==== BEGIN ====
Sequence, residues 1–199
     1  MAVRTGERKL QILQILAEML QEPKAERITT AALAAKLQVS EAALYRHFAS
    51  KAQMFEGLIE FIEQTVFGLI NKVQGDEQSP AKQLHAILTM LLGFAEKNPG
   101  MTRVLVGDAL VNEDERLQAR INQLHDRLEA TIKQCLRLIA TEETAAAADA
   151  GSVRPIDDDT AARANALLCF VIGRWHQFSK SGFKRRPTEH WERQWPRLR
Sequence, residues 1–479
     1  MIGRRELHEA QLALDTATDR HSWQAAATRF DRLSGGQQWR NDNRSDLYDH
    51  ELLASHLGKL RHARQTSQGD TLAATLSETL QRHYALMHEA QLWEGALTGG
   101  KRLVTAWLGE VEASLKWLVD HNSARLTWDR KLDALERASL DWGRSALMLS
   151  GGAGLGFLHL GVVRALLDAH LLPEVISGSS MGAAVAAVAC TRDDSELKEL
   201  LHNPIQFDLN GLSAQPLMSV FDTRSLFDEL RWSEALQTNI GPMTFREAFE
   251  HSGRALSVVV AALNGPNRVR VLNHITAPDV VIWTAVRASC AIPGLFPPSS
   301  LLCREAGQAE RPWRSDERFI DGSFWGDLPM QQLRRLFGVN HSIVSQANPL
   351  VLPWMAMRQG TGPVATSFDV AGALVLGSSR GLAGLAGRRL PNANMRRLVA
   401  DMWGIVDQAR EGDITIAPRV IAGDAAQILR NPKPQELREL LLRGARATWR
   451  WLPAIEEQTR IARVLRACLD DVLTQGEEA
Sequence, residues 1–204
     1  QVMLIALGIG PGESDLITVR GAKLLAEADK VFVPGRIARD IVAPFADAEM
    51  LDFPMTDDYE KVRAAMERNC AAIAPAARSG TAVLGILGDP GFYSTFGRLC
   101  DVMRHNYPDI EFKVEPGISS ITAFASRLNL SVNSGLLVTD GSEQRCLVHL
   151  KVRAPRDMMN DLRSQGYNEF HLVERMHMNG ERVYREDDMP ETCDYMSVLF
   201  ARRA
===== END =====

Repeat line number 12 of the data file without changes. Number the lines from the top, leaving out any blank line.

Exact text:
   251  HSGRALSVVV AALNGPNRVR VLNHITAPDV VIWTAVRASC AIPGLFPPSS